Fun themes and decorations add to the train’s festive atmosphere and strolling entertainers bring music, magic, and FUN right to your seat. The train’s staff is GREAT, going out of their way non-stop to make sure every passenger is well taken care of.

The Dance Car is laughter-filled as dancers try to keep their footing while the train zigs and zags through the foothills—giving a whole new meaning to “Rock & Roll”! The live band and full bar make this car a very popular hangout.

The Piano Lounge is a comfortable car where you can relax and listen to music or visit with friends. If you’re hungry, grab a snack at the Café/Bar and head up to the Dome Car to enjoy the incredible view. Or, if your money is burning a hole in your pocket, head to the Souvenir Shop where there is a good choice of mementos and gifts for purchase. And a Smoking Car comes complete with Cigar Lounge area.

As the FUN TRAIN clickity-clacks along, the scenery constantly changes as we pass through small towns and the Sacramento valley, over bridges and through tunnels. Sunshine turns to rain and then into snow. Flat valleys turn into gently rolling hills and then into snow frosted mountain peaks.

The Reno FUN TRAIN is all about “the journey” and this was one to remember. But we did also have plenty of time to enjoy our weekend destination – Reno, “The Biggest Little City in the World.”

Reno Snow Train

Approaching the Sieraas and hidden beauty you can’t see from Highway 80

On Sunday morning, refreshed but exhausted, we re-boarded the train for our return trip. Needless to say, this trip was a bit more subdued as many passengers were quickly lulled to sleep by the rhythm of the rails.

For me, there were still more pictures to take so I headed up to the Dome Car with my camera to enjoy the spectacular wintertime show as we peacefully wound our way back through the magical snow covered Sierras, down through the foothills, and back into the Bay Area. We arrived home just in time to watch the sun set—the perfect ending to a never-to-be-forgotten journey!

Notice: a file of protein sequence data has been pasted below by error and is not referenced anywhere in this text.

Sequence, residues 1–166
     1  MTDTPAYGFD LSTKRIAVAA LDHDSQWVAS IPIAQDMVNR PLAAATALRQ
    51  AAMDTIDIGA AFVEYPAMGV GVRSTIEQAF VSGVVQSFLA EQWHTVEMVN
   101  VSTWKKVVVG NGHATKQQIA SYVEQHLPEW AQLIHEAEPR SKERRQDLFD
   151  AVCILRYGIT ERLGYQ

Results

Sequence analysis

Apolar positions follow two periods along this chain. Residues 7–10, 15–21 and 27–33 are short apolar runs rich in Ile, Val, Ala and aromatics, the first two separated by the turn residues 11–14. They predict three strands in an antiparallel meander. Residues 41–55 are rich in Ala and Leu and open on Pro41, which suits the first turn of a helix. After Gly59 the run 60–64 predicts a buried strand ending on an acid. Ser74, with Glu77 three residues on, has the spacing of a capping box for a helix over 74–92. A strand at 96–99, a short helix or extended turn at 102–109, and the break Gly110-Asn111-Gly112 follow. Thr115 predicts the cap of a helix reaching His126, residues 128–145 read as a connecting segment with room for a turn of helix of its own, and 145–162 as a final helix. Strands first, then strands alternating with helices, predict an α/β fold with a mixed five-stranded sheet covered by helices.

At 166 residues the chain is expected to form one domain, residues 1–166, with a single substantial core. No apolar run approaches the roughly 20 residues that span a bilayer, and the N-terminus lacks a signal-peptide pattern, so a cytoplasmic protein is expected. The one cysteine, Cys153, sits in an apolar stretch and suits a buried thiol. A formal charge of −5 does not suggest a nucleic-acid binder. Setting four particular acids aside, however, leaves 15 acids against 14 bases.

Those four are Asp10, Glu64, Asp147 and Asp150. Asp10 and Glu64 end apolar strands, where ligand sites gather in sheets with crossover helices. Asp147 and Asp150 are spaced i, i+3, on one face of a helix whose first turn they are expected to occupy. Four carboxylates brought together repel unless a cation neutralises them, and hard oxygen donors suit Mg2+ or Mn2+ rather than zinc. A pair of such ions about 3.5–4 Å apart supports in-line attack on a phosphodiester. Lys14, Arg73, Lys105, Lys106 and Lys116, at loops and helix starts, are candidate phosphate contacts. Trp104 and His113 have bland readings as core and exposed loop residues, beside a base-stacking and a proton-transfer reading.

My friends and I give the Reno FUN TRAIN 5 Stars!

The first FUN TRAIN ran the rails from the San Francisco East Bay to Reno in 1963 when Southern Pacific Railroad and the Reno Chamber of Commerce devised a plan to stimulate wintertime business in Reno while, at the same time, keeping the Southern Pacific crews working during the off season. Over the years different tour operators have managed the train but Key Holidays won the contract from Amtrak in 1993 and they have been running it ever since.

“Running these special charter trains to Reno has been a true labor of love.” said Jade Chapman, President of Key Holidays. “Our family’s passion has always been tied to travel and railroading. The Reno Fun Train and Reno Snow Train are the only trains in the world offering such a spectacular ride in the Sierra Nevada Mountains aboard a mode of transportation that is so totally unique not only in the Bay Area, but in the world.”

Key Holidays, a family run business in Walnut Creek, was started in 1983 by Chapman and her (now retired) step father, Henry Luna who is a founding member of Niles Canyon Railway. Chapman’s mother (also retired from Key Holidays) was a Fun Train Onboard Manager in the 1970s.

Reno Snow Train

“FunAtics” get the ball rolling on the station platform

Will 2012 be the end to an era?
There is a projected Amtrak charter equipment shortage on the West Coast and, unless more train cars can be supplied by Amtrak, this will be the final season for the Reno FUN TRAIN.

“The Fun Train is going out with a bang one year shy of its 50th Anniversary,” says Chapman, “and we’re inviting all our old friends and new ones to take one last spin, and relive some of the epic times between here and Reno.”

Don’t miss out!!!
Reno FUN TRAIN (Must be 21 or over)
February 10th – Mardi Gras
February 24th Hawaii “Aloha”
March 2nd – Mardi Gras
March 9th – 60s, 70s, & 80s
Midweek Reno SNOW TRAIN with onboard entertainment, live music, and historical narration for those who can get away midweek, families, and retirees.
February 14th – Valentine’s “Sweethearts”
February 21st – 50s Sock Hop
February 28th – Fat Tuesday
March 6th – Classic Country

For more information or to book your FUN TRAIN or SNOW TRAIN adventure, contact Key Holidays at 800-783-0783 or www.keyholidays.com.

Another Election Year is Coming

By the time you read this we’ll be just a year away from the Presidential Election. President Barrack Obama versus the last man standing in the GOP Battle Royale. Every election year, I feel like I’ve had the crap beat out of me by the time I got to my designated polling place to vote, and presidential elections are the worst. The negative campaign ads, the “no holds barred” style debates and the dinner hour interruptions from pollsters and candidate call centers make my head hurt. Someone said, “Politics is a dirty business,” and if that’s the case then elections are like rolling around in a mud puddle after a litter of puppies has just “done their business.”